The End Is Nigh
Yes, like a recurring bout of nausea, it feels like we’ve been here before. But this time circumstances make it slightly different than before. With increasing frequency ever since Robert Mueller was appointed Special Counsel, Trump has seemingly become more and more enraged and more determined to derail the investigation either by taking control of it by firing Sessions and/or Rosenstein or firing Mueller directly. At the same time, his attempts to illegally influence and obstruct the investigation have also intensified.
With the double-whammy convictions and admission of guilt from Manafort and Cohen, the law is closing in on Trump on all sides. Having been named as an unindicted co-conspirator in a felonious attempt to subvert the election by paying hush many to at least two of his mistresses, Trump has now opened himself and the Trump Organization to tax and fraud investigations by the state of New York and potentially other state jurisdictions as well. What other criminal activity those investigations may reveal is unknown but you’d have to rate the chances of that occurring are pretty high based on way Trump ran his company. That became more likely today with the news that the longtime Trump Organization CFO, Allen Weisselberg, has also been granted some kind of immunity in the Cohen probe.
Remarkably, Trump seems less concerned about the danger from Cohen than he does from Paul Manafort, who has moved from someone who worked for Trump for “just a short period of time” to a “brave man” who has “refused to break”. As Maddow pointed out last night, Mueller has farmed out a lot of potential prosecutions he has uncovered to other jurisdictions, such as the Cohen matter, but has maintained control of the two cases against Manafort. This seems to indicate that Manafort knows all when it comes to the Russian collusion. Certainly, Mueller has already produced plenty of evidence of that collusion, from the Trump Tower meeting to Flynn’s talks with the Russians regarding the lifting of sanctions. And now Cohen is indicating that he has knowledge that Trump had foreknowledge of at least some aspects of the Russian attack on our election, although his lawyer, Lanny Davis, is walking that back somewhat today.
Why Trump seems more concerned about Manafort rather than the exposure of financial crimes by Trump, his family, and his business seems to clearly revolve around the absolute proof of collusion that Manafort probably could provide. And I’m guessing Trump believes his base can hold with just the exposure of campaign finance violations and tax evasion and that Cohen does not have the full picture of the Russian collusion. A Trumpster caller on WNYC dismissed both the Cohen and Manafort prosecutions as part of a soft coup by the deep state, saying those cases never would have been brought unless they had wanted to squeeze those two in order to get Trump. Apparently, this caller believes that massive tax evasion is not worthy of really being prosecuted. And I’m sure there are plenty of Trump supporters who feel the same way, having been brainwashed by Republican propaganda outfits into believing that everyone does it and everyone is equally corrupt.
Whatever the case, Trump’s focus is on Manafort. He is already seriously considering pardoning Manafort but apparently has so far been persuaded by Giuliani not to do that before the election. While pardoning Manafort will eliminate his right of self-incrimination, it seems probable that he will take the Susan McDougal route and risk a contempt of court sentence rather than give up not only Trump but the Russian oligarchs he’s in hock to.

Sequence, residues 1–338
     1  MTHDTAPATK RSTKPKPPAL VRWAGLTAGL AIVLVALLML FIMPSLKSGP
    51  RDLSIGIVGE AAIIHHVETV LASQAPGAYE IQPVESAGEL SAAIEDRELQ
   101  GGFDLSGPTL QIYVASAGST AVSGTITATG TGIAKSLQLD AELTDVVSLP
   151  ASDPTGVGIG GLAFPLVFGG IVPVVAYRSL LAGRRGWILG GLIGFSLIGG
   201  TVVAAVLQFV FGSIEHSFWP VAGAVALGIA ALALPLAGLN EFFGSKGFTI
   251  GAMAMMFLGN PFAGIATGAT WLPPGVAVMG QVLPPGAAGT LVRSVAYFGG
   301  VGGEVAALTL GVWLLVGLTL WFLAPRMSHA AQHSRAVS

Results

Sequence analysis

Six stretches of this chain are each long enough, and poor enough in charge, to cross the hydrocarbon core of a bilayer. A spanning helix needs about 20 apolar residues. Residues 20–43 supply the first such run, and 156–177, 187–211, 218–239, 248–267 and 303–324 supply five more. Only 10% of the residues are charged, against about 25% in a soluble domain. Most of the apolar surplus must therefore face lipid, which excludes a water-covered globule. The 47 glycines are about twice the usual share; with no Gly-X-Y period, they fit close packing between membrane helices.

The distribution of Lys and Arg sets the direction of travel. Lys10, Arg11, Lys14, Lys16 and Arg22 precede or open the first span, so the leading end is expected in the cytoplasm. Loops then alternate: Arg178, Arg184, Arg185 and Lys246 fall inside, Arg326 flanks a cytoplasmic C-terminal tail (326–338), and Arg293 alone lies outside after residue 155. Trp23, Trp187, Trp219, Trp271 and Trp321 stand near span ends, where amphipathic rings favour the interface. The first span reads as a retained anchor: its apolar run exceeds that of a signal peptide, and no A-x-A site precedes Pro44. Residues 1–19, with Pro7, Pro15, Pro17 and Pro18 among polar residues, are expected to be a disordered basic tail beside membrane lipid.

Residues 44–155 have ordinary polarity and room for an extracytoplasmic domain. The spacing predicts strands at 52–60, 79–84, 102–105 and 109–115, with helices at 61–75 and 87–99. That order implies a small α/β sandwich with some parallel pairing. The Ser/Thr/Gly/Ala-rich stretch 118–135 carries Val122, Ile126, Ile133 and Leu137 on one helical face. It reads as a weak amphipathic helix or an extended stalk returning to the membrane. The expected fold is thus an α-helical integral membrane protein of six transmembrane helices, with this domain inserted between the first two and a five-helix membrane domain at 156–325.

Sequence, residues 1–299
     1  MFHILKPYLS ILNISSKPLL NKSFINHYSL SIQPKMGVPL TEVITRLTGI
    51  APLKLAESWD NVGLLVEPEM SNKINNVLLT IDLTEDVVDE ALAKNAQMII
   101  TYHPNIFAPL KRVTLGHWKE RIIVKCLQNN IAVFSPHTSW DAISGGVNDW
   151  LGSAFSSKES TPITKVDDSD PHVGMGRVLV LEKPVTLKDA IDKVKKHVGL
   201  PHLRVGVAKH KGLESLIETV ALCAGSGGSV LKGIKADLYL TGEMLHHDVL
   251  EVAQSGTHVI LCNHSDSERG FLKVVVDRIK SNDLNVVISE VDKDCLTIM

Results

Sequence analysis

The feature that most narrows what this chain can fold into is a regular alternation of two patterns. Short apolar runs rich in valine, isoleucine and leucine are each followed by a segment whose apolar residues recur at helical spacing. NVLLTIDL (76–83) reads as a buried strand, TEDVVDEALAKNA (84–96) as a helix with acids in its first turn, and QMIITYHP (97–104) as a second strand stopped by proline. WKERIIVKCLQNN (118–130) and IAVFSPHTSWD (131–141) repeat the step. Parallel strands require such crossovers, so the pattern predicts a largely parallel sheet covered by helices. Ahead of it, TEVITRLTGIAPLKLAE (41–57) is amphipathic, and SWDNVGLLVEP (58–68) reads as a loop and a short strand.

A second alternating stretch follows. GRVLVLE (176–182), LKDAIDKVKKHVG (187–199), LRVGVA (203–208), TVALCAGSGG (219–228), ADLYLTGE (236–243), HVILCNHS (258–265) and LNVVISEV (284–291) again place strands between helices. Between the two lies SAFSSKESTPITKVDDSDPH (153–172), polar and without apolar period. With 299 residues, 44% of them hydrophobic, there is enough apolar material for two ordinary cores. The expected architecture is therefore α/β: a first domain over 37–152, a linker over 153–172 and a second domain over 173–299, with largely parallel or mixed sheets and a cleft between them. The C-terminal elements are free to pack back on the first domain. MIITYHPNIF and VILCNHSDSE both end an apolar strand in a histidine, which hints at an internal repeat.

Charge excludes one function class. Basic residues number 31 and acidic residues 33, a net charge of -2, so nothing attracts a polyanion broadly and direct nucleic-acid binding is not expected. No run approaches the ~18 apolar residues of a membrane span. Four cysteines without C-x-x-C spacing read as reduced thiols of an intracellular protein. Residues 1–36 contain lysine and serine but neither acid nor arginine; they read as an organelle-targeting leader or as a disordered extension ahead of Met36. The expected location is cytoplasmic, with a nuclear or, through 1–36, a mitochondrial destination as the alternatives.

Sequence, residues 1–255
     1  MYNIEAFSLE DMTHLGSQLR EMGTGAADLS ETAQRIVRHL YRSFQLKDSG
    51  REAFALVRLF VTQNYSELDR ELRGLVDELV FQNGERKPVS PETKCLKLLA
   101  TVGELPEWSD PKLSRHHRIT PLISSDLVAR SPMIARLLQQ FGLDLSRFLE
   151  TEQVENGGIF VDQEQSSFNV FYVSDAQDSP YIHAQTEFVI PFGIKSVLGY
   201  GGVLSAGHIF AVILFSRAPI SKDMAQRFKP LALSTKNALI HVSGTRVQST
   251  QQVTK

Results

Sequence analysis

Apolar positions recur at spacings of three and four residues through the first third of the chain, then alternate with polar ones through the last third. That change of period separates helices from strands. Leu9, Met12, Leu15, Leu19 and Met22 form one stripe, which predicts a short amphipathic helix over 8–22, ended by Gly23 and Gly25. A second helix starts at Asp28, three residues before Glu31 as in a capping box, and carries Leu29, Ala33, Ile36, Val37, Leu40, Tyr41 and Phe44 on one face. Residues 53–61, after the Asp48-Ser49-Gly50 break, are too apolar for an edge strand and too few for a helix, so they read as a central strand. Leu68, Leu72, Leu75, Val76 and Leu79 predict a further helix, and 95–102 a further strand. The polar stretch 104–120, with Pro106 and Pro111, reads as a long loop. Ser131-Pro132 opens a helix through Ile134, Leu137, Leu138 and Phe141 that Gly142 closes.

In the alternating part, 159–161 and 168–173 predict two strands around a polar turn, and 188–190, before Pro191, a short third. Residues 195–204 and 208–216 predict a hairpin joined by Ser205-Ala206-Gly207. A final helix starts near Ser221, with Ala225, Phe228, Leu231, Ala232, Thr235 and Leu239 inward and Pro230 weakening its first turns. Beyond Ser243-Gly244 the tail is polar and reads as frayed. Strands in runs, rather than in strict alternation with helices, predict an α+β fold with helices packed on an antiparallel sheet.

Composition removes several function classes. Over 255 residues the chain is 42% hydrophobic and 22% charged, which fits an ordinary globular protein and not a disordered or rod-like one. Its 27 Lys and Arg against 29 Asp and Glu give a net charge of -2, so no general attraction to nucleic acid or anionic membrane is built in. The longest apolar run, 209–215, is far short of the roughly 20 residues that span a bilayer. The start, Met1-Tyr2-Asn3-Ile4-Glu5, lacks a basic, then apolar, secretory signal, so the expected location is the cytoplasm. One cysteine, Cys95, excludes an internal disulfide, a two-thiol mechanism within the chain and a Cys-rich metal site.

Trump is similarly targeting Jeff Sessions so he can shut down the Mueller investigation entirely and rid himself of the Russian investigation entirely. On that score, he seems to have support from important Republican leaders in the Senate, specifically Lindsey Graham and Chuck Grassley. Graham stated that Trump deserves an Attorney General he can trust and Grassley indicated he would be willing to hold hearing for whomever Trump chooses to nominate. Again, however, the firing of Sessions would wait until after the election.
So the path for Trump is clear now. After the election, he can fire Sessions and probably Rosenstein as well, clearing the way for him to neuter the Mueller investigation. At the same time, he will pardon Manafort and, for all we know, Cohen as well, considering he doesn’t consider what Cohen did as crimes. Meanwhile, Mueller’s investigation will have to go dark in another week or two in order to avoid “influencing” the election. Yes, the second Manafort trial will go forward. But unless there are some startling revelations from that trial, which certainly is entirely possible, there will be nothing coming from Mueller until after the election. That will allow Trump to state that Mueller has uncovered “no collusion” when he takes the ultimate steps to protect his presidency.
Every election is the “most important election of our lifetime”. This time, it seems like it could actually be true. If the Republicans hold the House and the Senate, there will be no restraint on Trump. The Mueller probe will be cut short, unresolved. Trump will be a multiply unindicted felony co-conspirator in both state and federal cases, but only because he can’t be indicted, a point of law that will be backed up by his two appointments to the Supreme Court. And, as Krugman points out today, Social Security, Medicare, and the ACA, which I’m convinced the GOP will take a run at whether they win the election or not, will all be under threat. And that’s not even mentioning the damage to our environment, the continued self-dealing and corruption, and attacks on other institutions that might restrain Trump.
Perhaps this will pass like other Trump-inspired attacks of nausea. But it really does feel like we are closing in on the endgame.
Originally published at tidalsoundings.blogspot.com on August 24, 2018.